Not much news floating about. But the first two items in my summary makes me worry about Microsoft. V- staff (contractors) are going to be blocked from network access intermittently, making them redundant, and baldy needed human testers are being made redundant.


Microsoft recently clarified their documentation by releasing a specific page to list the supported guest or virtual machine operating systems on Windows Server 2012 R2 Hyper-V (including Hyper-V Server 2012 R2) and Windows 8.1. This page lists the supported Windows client and servers OSs. On the list you will curently (21 July 2014) find:

  • Windows Server 2012 R2
  • Windows Server 2012
  • Window Server 2008 R2 with SP1
  • Windows Server 2008 with SP2
  • Windows Home Server 2011
  • Windows Small Business Server 2011
  • Windows Server 2003 with SP1
  • Windows Server 2003 with SP2
  • Windows 8.1
  • Windows 8
  • Windows 7 with SP1
  • Windows 7
  • Windows Vista with SP2
  • Windows XP with SP3
  • Windows XP x64 with SP2

Remember: “supported” and “it works” are two very different things in the Microsoft world:

  • Supported: You call Microsoft, and they will assist, including engineering if there is a bug (subject to time/effort vs priority).
  • It works: Lots of operating systems can install and run in Hyper-V VMs, but they fall outside of the support statements. In other words, they might work fine, but Microsoft won’t support them.

Microsoft DOES support a wide array of Linux distributions/editions/architectures. There is a specific support page for Linux because of the complexity that the variety of distributions introduce. Newer releases come with the Hyper-V Linux Integration Services (LIS) as a part of the install. Older ones require you to download the LIS and install them into the guest OS. On the list you will curently (21 July 2014) find:

  • CentOS 5.5-5.6, 5.7-5.8, 5.9-5.10, 6.0-6.3, 6.4, 6.5, 7.0
  • RedHat Enterprise Linux (RHEL) 5.5-5.6, 5.7-5.8, 5.9-5.10, 6.0-6.3, 6.4, 6.5, 7.0
  • Debian 7.0-7.4
  • Oracle Linux UEK R3 QU1, UEK R3 QU2, 6.4, 6.5
  • Suse Linux Enterprise Server (SLES) 11 SP2, 11 SP3
  • Open SUSE 12.3
  • Ubuntu 12.04, 12.10, 13.04, 13.10, 14.04

The support pages (particularly the Linux ones) are subject to frequent change so I suggest that you use the links in this post as a jumping point to get to the newest release by Microsoft. I will not be updating this post to reflect the latest changes – this is a blog, not a documentation site.


Other than the fact that this might be the venue of the most important product announcements in Microsoft’s recent history … hmm … let me think …

Hear what community members say about TechEd at the TechEd Roundtable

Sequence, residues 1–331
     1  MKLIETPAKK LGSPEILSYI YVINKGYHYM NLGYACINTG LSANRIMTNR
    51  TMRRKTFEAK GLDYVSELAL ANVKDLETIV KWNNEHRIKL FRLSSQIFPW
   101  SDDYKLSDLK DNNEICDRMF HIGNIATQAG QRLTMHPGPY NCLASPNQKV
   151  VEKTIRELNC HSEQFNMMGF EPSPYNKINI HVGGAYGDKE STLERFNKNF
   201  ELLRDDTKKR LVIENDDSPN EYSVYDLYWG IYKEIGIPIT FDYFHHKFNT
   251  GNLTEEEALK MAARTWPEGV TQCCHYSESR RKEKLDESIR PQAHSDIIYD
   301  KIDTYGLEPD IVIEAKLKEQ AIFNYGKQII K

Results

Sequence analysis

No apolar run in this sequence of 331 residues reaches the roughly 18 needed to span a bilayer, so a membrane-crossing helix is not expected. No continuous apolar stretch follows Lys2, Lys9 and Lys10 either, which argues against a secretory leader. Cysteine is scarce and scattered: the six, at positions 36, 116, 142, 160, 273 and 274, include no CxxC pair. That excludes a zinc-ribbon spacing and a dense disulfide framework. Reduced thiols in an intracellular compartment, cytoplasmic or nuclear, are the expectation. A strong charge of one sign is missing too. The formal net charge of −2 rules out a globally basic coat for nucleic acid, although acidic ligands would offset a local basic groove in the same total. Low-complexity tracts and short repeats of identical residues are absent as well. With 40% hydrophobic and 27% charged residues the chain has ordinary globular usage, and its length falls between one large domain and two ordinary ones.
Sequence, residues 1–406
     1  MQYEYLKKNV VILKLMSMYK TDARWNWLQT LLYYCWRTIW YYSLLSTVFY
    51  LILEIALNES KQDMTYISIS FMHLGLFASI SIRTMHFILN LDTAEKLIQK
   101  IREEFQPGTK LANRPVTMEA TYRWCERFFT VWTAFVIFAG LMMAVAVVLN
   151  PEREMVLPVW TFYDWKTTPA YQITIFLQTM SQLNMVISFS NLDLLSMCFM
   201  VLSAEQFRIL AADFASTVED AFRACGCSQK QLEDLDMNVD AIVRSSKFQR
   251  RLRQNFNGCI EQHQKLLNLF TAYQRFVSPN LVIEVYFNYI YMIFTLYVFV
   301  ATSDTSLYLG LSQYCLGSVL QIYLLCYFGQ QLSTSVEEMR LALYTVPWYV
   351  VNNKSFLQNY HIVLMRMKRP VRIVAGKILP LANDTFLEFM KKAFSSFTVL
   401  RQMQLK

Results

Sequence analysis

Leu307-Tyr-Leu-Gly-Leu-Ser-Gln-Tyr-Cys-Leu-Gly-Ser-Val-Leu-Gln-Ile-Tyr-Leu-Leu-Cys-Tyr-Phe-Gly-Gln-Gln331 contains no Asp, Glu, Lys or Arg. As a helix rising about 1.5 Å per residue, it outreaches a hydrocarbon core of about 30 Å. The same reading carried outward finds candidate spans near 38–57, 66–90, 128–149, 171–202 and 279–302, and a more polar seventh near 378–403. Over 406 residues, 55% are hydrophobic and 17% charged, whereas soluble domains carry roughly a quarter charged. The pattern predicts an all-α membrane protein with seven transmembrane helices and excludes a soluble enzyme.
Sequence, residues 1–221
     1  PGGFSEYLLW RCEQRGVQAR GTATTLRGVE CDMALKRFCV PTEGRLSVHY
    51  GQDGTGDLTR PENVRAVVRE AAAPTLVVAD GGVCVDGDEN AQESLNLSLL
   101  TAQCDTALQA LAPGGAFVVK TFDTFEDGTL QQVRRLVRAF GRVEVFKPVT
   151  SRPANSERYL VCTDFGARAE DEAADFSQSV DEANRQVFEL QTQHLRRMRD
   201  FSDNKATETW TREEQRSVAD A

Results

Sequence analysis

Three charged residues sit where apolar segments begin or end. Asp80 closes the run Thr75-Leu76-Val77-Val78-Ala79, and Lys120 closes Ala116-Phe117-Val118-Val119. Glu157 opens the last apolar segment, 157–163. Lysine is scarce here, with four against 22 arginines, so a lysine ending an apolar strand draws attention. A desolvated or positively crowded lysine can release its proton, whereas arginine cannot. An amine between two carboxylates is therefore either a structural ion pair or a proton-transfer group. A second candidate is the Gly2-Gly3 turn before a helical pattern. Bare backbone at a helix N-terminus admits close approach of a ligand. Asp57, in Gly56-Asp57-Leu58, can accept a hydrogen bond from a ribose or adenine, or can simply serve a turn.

I have also recorded a video (on Instagram) that discusess how to convince your boss that you need to go to TechEd Europe.

But honestly, traditional learning mechanisms can no longer keep up with sprint development, new features out every few weeks, and RTMs every 12-18 months. TechEd is like a triple espresso shot of learning … you take 4-5 days, depending on travel, out of your regular work schedule and get immersed in new tech, from keynote, to foundation, to deep dive … and maybe throw in some hands on labs and certification while you’re at it. I learn at TechEd (as an MVP I also am lucky to have MVP sources); a lot of what I write about is sourced from TechEd sessions or materials. TechEd sessions give me access to wide amounts of information … and I can chat with the Microsoft experts in the expo hall afterwards.

There is nothing else like this learning experience in the Microsoft world for the general public. And I’m pretty sure that TechEd Europe 2014 will be a very special education opportunity. We’re on the threshold of a very interesting time.

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I work for a Toshiba distributor so every now and then they let me put my hands on something new … or sometimes something that isn’t coming out for quite a while. A few months ago I got to hold and play with the new Toshiba 8” and 10” Encore 2 tablets. Both were pre-production models. I just got my hands on a production version of the 8” Toshiba Encore 2 (WT8-B-102), running Windows 8.1 with April 2014 Update.

To be precise, this is running Windows With Bing, the free (to OEMs) edition of Windows that is hard coded with Bing as the search engine. The idea is that instead of OEMs paying for Windows and then taking money from another search engine to set them up as the default, the OEM gets a free copy of Windows, and this brings down the cost of the h/w for the consumer.


This is a consumer tablet. It has an Atom processor so it does not run the doomed Windows RT. It’s running a 32-bit copy of Windows 8.1. There is 1GB RAM and 32 GB of storage … don’t fret! This is the April 2014 version of Windows so it features the new magic installation that consumes a lot less space. This tablet has just over 20 GB free out of the box. That’s a big improvement over the original 32 GB Encore which I own. And 1 GB is enough for the light weight consumer stuff that you’ll do with this tablet: apps.

The tablet is slimmer than the Encore 1 and has a smooth back. It is grey instead of “gold”. Also, the Windows button has moved to the top edge, instead of a capacitive button on the front-bottom; I guess that reduces costs.